14 April, 2006

Maundy Thursday

Maundy Thursday
Holy week. Maundy Thursday. Tenebrae Service and Lord's Supper.

The Maundy Thursday service at my church is so intense. Talking before and after the service strongly but tactfully discouraged. A lone parishoner silently handing out bulletins. The shutters all closed tight against the invading twilight. Songs. O Sacred Head Now Wounded. Handwashing and communion. Scripture after scripture - shadows of denial, betryal, anguish, destiny, the cross. Death, the final insult.

Were you there when they crucified my Lord? Were you there when they crucified my Lord? Oh, sometimes it makes me tremble. Tremble. Tremble. Were you there when they crucified my Lord?

During that song, the minister removed his robe. Removed all elements, candles, sacremental symbols from the altar table and covered it in rough black fabric. Then he used another piece of the rough black fabric to cover the pulpit. And in silence he left us. He hammered three nails into wood.

The organ sounded an earthquake. The sanctuary was completely dark. It was after eight, so darkness was outside; even the twilight had given up.

After a few moments a few of the lights came up and people could see to leave. I sat in my pew. Crying. Reminding myself that without the death of Jesus, there could be no resurrection. Without His suffering, no salvation. Without the cross, no empty tomb. Without Maundy Thursday, no Easter Sunday.
As I continue to grow older, and grow up, I notice more and more things that "have to be." I remember when Rudy Huxtable got her period and she was horrified and did not want to be a woman, did not want to take part in any of the rituals her family had developed to mark that ausipcious occasion. Clare told her "to be a mother, this has to be." I remember that moment as though I had been there.
This has to be. Darkest before the dawn and all that. Seven years of infertility to get Molly. A year of struggle before Bob got the great job. The death of Jesus for the salvation of mankind. This has to be. This has to be.

10 April, 2006

Is that a tissue in your pocket?...Meet Mati...Now what?

Is That a Tissue in your pocket?

OR IS IT A MOUSE? A LONG DEAD, COMPLETELY DESSICATED BABY MOUSE?

We were cleaning out the garage and found Molly's very cute gardening apron. With a bulge in the pocket. A bulge exactly the size of a long dead, completely dessicated baby mouse. And I was somehow elected (by default?) to see what was in there. So I poked and did not expect to find anything and.

SOMETHING. WAS. THERE.

I dropped the apron, screamed like a girl, and jumped about 3 feet. All of this made Bob scream and jump too, and then I knew I had a choice - throw the apron away and let the mouse win or look, see, and empty the pocket into the trash, wash the apron and never speak of it again. Be a big baby or a rational grown up.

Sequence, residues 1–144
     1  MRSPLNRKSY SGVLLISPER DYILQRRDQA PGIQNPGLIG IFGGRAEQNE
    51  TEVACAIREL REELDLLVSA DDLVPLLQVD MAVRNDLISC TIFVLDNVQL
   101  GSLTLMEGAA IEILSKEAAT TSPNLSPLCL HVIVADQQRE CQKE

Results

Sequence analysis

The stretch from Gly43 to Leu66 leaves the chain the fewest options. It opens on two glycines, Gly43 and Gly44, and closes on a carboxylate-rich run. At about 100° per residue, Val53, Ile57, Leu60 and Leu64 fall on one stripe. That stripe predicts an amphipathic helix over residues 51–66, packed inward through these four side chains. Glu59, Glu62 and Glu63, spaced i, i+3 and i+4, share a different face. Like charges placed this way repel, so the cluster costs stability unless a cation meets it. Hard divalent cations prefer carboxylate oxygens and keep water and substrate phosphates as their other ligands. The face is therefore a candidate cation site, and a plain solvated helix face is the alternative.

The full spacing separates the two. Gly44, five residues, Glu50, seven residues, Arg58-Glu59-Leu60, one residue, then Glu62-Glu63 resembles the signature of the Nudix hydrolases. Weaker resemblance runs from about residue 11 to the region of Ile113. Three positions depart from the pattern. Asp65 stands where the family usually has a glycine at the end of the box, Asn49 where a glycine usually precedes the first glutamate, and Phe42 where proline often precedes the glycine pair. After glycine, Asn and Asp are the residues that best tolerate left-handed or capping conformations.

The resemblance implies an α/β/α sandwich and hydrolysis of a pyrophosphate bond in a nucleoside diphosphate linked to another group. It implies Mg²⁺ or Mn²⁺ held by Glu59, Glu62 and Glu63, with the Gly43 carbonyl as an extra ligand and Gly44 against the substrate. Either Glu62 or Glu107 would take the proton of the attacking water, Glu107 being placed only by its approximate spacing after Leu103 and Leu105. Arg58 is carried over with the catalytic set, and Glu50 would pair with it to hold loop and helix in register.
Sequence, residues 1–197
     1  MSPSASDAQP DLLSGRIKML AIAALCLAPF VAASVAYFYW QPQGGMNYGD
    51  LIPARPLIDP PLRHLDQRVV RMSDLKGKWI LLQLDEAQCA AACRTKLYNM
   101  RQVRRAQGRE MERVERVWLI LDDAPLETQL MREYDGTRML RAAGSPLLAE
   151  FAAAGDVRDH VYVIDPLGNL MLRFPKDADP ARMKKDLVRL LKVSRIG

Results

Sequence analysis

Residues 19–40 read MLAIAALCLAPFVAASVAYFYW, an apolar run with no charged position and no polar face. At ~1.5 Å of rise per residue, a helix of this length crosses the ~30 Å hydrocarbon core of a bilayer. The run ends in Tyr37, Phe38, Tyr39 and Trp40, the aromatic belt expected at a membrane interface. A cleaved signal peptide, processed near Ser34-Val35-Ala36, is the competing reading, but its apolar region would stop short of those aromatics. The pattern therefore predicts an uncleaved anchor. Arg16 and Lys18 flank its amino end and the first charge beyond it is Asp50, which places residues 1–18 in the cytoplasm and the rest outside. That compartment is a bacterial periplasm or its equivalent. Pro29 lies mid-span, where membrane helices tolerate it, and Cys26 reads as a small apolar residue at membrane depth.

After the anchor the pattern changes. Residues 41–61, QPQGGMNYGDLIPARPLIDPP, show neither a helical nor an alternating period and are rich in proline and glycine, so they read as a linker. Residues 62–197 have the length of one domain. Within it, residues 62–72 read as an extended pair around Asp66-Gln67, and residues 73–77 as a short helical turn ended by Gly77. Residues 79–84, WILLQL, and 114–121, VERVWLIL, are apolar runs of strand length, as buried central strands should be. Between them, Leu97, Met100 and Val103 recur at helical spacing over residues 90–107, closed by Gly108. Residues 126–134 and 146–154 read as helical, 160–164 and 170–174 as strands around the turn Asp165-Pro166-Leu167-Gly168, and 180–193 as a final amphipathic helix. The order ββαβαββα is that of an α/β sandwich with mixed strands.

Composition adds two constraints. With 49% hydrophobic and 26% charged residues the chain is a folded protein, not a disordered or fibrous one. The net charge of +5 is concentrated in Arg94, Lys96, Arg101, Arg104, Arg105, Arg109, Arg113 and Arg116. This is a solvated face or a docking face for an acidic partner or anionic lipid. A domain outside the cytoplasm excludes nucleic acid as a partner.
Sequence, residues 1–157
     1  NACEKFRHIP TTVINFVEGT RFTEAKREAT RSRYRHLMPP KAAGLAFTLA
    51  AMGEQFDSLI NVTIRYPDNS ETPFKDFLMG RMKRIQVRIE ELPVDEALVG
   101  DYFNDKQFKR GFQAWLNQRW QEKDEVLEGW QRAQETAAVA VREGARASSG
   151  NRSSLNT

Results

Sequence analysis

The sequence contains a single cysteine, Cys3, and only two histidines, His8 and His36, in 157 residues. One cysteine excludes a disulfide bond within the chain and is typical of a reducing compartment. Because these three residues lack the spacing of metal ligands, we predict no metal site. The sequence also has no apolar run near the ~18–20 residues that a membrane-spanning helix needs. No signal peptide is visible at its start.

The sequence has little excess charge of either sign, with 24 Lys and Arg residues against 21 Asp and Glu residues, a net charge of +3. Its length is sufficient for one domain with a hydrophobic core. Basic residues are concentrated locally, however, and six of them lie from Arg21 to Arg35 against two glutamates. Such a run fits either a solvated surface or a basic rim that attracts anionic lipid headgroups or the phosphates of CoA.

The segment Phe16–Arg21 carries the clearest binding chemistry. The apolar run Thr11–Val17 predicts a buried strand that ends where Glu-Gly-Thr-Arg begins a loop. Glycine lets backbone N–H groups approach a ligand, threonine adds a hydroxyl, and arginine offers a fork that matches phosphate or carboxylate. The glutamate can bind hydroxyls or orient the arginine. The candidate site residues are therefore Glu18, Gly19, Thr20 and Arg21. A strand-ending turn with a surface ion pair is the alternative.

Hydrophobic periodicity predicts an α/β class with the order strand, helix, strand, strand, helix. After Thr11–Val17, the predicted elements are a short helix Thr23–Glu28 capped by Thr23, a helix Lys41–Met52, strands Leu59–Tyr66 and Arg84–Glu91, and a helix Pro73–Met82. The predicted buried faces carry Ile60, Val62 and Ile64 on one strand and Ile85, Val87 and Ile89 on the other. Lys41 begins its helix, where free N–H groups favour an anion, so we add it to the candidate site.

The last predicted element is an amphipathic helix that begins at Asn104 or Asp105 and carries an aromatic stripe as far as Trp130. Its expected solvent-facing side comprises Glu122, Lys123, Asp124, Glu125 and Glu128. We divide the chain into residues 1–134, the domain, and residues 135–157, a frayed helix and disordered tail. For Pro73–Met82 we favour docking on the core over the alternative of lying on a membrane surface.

I thought. The kids were watching. I decided to be the grown up. I picked up the now not-so-cute gardening apron and peeked in.

And it was a wadded up Kleenex. And I laughed. And felt like an idiot. And I decided that the grass seed and whatever else might attract the disgusting varmints (mice not kids) must go. Now. Rational or not.

interjection
"dammit I fell off my clogs!" -Will, Will and Grace

Funny!

Meet Mati
Mati O'Malley. My new character. Great hair, not so great body but working on it, married, no kids, brownish-red hair (did I mention hair already? Oh well.) Directs a non-profit agency, reads, writes, seeks, finds, gets lost and finds a new way. Neat freak (see the fiction?), lower-than-average self-esteem, good friends, difficult family, loves TiVo, loves coffee drinks and diet coke, majored in communications, southern, sassy, funny, sarcastic, wonderful with children but not sure she wants her own, married to a sci-fi writer, hates clothes, mirrors, diets, scales, and being fat.

She's me and she's not me, me only different, me only truer.

She's Fat Girl Skinny.

And this is (c) Shannon Warren so don't steal her.

Now What?
Lent is almost over, and along with it, the pop culture embargo. Or is it?

Have I really missed anything by not knowing every.single.thing. going on in NYC and Hollywood?

Can I go back to just a little celeb gossip? Or is it an addiction like smoking, where if you pick up one cigarette, you 're back at 3 gossip blogs, US weekly and People, and the radio and the TV shows?

And really, does it matter? Can't I just not care? I mean who cares, really?

People are starving, gas will be $3 a gallon by Easter, and Bush's approval rating is in the toilet (oh, wait, that's not bad news...), so is it so wrong to crave a little escape, a little fantasy, a little info about lives no one real really leads?

I don't know yet, but I do know that no one wants this to be so existential less than I do! But here we are, all Camus and everything, and I secretly know what Gwyneth named her baby and I don't think that makes me a bad person.

Does it?

sfw